“Reactions To Posts” Are Now Available On LinkedIn

Posted at 29th-Apr-2019 in Social Media News | Leave a reply

LinkedIn is the social media platform that I’ve never really deemed as “social.” Sure, it’s sole purpose is to connect with others, but always in a professional manner. I’m way less inclined to comment on a colleague’s LinkedIn post than I would be on their Instagram. This is probably due to the fact that LinkedIn is where I’ve established my career’s story. It’s where I want to come off as an intellectual, agreeable job candidate. So it’s the last place I would ever want to share an opinion.

I think LinkedIn as a company has caught onto this because they’ve just recently rolled out reactions for posts. What we’ve got so far is a classic thumbs up, an applause, a heart, a light bulb, and what appears to be an exact replica of the “inquisitive” emoji smiley face: 🤔. When you hover over each reaction, a fun little definition appears to explain what each is supposed to be perceived as. 👍 equals “like,” 👏 equals “celebrate,” ❤️ equals “love,” 💡 equals “insightful,” and 🤔 equals “curious.” These reactions were calculated by using the platforms most common one to two-word comments on posts.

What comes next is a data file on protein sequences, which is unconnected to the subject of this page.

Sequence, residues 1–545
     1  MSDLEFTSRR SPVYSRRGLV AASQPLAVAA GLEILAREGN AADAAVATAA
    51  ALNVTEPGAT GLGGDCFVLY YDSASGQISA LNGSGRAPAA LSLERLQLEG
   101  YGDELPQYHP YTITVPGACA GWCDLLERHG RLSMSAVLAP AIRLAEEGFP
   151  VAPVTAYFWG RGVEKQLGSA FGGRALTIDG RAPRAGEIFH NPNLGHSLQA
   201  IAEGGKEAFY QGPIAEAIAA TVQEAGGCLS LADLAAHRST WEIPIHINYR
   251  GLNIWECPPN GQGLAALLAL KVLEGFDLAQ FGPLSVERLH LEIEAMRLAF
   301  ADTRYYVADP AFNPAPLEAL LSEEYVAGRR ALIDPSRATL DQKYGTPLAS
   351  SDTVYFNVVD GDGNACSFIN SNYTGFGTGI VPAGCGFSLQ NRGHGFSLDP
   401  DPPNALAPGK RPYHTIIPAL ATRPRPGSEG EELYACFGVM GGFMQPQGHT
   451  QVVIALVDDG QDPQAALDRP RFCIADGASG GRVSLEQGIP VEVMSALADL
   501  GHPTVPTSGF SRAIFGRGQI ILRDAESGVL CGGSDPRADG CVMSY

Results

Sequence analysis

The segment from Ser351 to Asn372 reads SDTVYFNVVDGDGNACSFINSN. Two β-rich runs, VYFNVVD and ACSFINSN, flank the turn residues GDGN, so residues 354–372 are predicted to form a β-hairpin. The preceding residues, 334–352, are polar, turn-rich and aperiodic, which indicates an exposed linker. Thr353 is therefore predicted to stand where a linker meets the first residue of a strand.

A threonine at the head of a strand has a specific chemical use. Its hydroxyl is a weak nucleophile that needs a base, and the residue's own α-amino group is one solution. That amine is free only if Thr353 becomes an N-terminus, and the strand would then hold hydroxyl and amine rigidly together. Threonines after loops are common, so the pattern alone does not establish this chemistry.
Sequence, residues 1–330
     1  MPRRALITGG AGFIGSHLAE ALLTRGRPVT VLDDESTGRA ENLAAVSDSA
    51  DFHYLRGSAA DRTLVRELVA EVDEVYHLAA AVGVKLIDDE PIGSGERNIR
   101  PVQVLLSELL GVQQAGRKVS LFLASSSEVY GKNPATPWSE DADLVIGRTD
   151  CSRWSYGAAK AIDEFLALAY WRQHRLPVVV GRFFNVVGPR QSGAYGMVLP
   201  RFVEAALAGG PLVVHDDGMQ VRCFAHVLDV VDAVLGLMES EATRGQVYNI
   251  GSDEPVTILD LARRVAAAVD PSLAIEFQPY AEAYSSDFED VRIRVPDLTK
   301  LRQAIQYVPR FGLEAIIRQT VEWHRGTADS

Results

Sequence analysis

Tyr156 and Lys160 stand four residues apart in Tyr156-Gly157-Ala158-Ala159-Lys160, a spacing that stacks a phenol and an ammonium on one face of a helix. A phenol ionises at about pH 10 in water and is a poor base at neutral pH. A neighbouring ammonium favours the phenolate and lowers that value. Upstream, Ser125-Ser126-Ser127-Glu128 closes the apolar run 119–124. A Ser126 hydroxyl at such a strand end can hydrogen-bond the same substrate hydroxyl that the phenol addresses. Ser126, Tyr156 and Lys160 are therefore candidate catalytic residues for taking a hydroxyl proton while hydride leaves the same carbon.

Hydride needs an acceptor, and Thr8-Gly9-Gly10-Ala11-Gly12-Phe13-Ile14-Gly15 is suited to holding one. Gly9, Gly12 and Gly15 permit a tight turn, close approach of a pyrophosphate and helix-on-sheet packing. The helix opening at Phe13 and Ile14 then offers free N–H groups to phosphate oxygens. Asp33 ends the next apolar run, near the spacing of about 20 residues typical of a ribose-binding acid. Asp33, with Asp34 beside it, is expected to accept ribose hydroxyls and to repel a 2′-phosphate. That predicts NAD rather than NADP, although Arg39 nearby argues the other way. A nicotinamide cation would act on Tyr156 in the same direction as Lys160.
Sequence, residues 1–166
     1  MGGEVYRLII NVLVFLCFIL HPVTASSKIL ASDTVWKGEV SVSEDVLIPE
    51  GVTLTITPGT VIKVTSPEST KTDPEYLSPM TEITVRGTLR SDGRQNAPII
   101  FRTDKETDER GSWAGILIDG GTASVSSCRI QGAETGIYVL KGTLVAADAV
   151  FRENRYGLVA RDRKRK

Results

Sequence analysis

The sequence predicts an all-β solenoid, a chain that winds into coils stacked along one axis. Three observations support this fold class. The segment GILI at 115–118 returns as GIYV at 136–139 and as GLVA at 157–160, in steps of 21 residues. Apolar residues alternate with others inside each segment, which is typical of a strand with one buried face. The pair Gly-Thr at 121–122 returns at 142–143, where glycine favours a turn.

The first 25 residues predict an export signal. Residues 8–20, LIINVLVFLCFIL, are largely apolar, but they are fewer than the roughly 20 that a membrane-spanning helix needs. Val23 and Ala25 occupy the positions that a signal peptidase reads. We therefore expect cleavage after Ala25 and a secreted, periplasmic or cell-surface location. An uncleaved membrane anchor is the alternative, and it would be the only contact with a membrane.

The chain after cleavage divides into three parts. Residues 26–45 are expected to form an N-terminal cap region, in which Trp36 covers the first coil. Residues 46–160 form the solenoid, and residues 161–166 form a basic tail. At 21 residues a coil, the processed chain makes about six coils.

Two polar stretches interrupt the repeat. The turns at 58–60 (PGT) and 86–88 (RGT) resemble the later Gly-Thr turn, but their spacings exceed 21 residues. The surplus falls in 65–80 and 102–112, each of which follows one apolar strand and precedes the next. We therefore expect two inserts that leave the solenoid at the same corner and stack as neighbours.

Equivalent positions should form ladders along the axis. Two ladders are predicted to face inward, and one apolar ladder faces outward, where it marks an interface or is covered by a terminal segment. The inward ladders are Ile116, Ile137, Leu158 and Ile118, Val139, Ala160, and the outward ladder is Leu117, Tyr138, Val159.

To me, this kind of makes the pressure of LinkedIn interactions a little lighter. It certainly takes away the fear of “saying the wrong thing,” or providing a clear opinion on something that could be misunderstood by potential employers. However, this is probably as far “social” as I’d like to see LinkedIn going. When it comes down to it, this is the platform where the mass majority of people look to find jobs. The “social” aspect of it is always calculated, never organic or authentic. It’s strategic. In the simplest terms, there is a large difference in “socializing” and “networking.”

From an advertising perspective, I see this tool as something that will become quite beneficial in understanding your audience. With more opinions to choose from, businesses can receive an even deeper understanding of what their consumers like and dislike. It’s one of the first organic tools advertisers can use for reporting on the platform. For that reason, I’m excited to see how this new effort will effect LinkedIn social advertising strategies in the future.

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